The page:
Family Voices and Victoria Station

Harold Pinter’s two short plays make only rare appearances nowadays and yet they are rewarding pieces. Family Voices, broadcast as a radio play in 1981, was followed a year later by the premiere of Victoria Station at the National Theatre. They are classics in what has become known as the ‘comedy of menace’ genre, derived from the Theatre of the Absurd.

An honest barebones display of the power of language and the failure of communication

Both plays appear here in studio style. A trio and a duo of actors are seated on high stools. They fit neatly on the empty stage, the minimalism matching the paucity of plot that will ensue. Voice 1, Voice 2 and Voice 3 are mere vehicles for the text, forming the cast list of Family Voices, though in reality each has a more identifiable persona - a son, a mother and a dead husband/father.

The son, having left home, finds his new living arrangements challenging and informs his mother as much in a series of letters. The mother appears not to receive them and is furious with her son for not writing. The father is a latecomer to the scene who seemingly makes observations from the grave.

The theme of failed communication is furthered in the more humourous Victoria Station, even though the minicab controller at base engages in direct radio dialogue with driver number 247 who is in stationary in Crystal Palace by a park. Instructed to proceed to Victoria Station, the ludicrousness of what is to follow is kickstarted by the driver’s claim that he doesn’t know where it is. He is further handicapped by having a passenger on board who may or may not be dead but certainly isn’t moving. Tempers flare, confusion reigns, yet it ends on a somewhat sympathetic note.

In selecting these plays producer/director Christian Anthony has made a brave and demanding choice. With no set and no movement the actors have to engineer a piece of theatre from their seats using only voices, some gesture and strength of feelings. That Adam Goodbody, Beth Hindhaugh and Robbie Fraser pretty much manage to do just that indicates the extent of their performance skills. They are well matched by Tom Ames and Luke Cullen. With no distractions the text becomes paramount and in uniformly well-spoken, emotionally charged lines which individually create identifiable people and stay true to Pinter’s intentions.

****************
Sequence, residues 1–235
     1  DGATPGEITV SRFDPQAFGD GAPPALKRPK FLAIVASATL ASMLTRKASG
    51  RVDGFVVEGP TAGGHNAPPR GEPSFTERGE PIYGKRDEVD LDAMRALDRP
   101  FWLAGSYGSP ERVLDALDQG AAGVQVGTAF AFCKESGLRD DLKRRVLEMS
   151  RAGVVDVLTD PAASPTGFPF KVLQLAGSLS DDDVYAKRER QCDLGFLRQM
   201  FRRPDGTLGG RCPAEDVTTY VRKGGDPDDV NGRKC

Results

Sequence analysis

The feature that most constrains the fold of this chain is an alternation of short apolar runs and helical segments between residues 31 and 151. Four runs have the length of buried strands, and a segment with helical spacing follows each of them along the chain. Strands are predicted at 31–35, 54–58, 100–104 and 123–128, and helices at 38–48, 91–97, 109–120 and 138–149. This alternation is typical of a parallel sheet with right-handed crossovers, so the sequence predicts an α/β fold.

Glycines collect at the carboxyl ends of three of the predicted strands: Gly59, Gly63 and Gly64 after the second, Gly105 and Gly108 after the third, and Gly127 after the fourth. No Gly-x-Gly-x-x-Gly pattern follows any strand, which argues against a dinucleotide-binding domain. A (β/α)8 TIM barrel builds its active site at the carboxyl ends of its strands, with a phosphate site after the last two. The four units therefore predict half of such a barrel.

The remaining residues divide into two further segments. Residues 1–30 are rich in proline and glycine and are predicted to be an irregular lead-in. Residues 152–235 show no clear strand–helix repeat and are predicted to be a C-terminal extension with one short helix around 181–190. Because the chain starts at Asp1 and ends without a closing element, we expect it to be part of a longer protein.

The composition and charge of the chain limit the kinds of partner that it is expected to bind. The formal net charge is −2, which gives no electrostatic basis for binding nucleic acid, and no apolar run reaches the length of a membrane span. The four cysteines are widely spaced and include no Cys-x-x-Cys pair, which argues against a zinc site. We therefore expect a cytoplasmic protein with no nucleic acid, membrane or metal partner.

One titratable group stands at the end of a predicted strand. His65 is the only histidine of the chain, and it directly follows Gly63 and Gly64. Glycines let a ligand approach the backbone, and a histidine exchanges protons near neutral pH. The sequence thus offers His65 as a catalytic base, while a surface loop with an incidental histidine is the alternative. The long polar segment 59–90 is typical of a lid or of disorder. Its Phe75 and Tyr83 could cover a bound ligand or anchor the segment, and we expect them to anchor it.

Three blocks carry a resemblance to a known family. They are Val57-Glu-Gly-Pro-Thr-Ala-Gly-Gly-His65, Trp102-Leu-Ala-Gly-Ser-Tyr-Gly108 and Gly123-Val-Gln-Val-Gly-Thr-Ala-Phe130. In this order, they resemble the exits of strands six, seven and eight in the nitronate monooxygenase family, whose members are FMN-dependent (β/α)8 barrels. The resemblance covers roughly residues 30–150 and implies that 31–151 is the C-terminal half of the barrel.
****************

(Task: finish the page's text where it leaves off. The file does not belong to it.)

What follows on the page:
The production is gratifying and intriguing; not gripping but an honest barebones display of the power of language and the failure of communication. It’s something of an academic piece but none the worse for that and the chance to hear both works performed so competently should be seized.

Reviews by Richard Beck

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The Blurb

A son bares his soul to a mother who cannot hear him; a taxi driver muses whilst his passenger sleeps. Harold Pinter explores love, sex and loneliness in this double bill of unnerving black comedies. Praise for Backspin’s previous shows: ‘A thrilling experience’ (Lady Antonia Fraser). ‘Backspin is bringing the work of Harold Pinter to the next generation’ (Penelope Wilton OBE, Downton Abbey). ‘Outstanding… I can’t wait to see this innovative company progress through the whole body of Pinter’s work’ (Plays International Magazine). ‘Believable, provoking Pinter' (ThreeWeeks).

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